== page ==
Something Like Silas hail from San Diego's Flood fellowship, and their Divine Invitation long-player heralds a new chapter in the "worship music" subgenre of CCM. Creating a sound that borrows from their favorite secular bands -- Coldplay, Sigur Rós, Radiohead, U2 -- Something Like Silas nonetheless infuse these appropriations with a solid passion and energy that carry within them the spark of originality, particularly in the dynamic manner in which they arrange their material and in songwriter Eric Owyoung's unpretentious, direct, yet non-generic lyrics. Usually, worship music presents a series of small verses bounded and rounded by big crunching refrains. These young people are more interested in crafting great songs in which the body of a lyric is sophisticated enough to be unafraid of the edges and actually spills over into the hooky refrain, giving the entire enterprise a poetic weight and depth. Owyoung is the perfect frontman for this quintet, as evidenced by the album's opener, "Creation's Call," interjecting pathos into the band's tilt-a-whirl rock and making it soar, as guitars crackle over the popping thud of toms-toms and the ringing of cymbals. The title track, with its beautiful electric piano intro, offers a pastoral intro to a slowly building tension that finds its release in the song's prayerful refrain. Owyoung's lyric offers his hymn as a realization that he belongs in the depth of his God's being; inseparable from it, he is held fast and nurtured in that knowledge. He moves into the music's power and releases everything in its rippling heart. CCM veteran Steve Hindalong of the Choir produced this set with help from his bandmate Derri Daugherty; they weave elegant textures and spacious sonic ambiences around the band's songs, as evidenced by the sheer riff-heavy rock & roll crunch of "When I Search" and the wide-open pillowy drift of "Better Is One Day." The closer, "I Fall," is a moody, sparse piece of pop mysticism. It seeks the heart of divine silence with elegiac tempos and a softly meandering approach to the tension that lies in attempting to express need and gratitude, eclipsing that tension with a single surge of power before winding its way back into the quiet. Divine Invitation is a fine debut and bears repeated listening. Something Like Silas are a band whose development will be a pleasure to witness.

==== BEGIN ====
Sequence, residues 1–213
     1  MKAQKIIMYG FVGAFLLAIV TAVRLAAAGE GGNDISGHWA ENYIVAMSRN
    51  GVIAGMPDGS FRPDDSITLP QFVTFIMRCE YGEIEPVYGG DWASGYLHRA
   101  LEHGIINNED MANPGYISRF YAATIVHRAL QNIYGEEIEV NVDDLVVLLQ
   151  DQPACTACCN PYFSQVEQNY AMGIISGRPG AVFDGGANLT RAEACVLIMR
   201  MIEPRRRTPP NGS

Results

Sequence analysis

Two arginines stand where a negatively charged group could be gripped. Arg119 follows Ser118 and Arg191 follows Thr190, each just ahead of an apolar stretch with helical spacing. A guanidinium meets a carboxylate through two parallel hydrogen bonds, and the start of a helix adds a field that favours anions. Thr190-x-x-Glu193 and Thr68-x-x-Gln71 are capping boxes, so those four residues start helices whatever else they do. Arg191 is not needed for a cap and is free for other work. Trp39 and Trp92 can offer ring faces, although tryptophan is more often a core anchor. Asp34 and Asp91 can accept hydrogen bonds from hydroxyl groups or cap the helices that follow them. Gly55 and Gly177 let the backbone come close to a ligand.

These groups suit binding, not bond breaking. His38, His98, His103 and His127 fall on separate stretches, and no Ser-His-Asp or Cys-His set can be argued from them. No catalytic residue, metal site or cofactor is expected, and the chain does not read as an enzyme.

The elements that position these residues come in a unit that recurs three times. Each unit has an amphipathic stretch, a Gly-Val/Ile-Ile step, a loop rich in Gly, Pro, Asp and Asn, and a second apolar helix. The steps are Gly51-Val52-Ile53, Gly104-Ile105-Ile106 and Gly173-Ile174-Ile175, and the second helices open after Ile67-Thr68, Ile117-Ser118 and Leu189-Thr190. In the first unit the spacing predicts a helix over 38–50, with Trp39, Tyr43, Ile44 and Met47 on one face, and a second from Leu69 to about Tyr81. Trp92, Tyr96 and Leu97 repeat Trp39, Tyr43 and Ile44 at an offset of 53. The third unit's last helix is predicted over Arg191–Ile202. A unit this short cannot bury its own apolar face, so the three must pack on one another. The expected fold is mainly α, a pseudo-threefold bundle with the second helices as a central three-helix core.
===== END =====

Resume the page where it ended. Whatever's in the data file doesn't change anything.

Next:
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AllMusic Review by Thom Jurek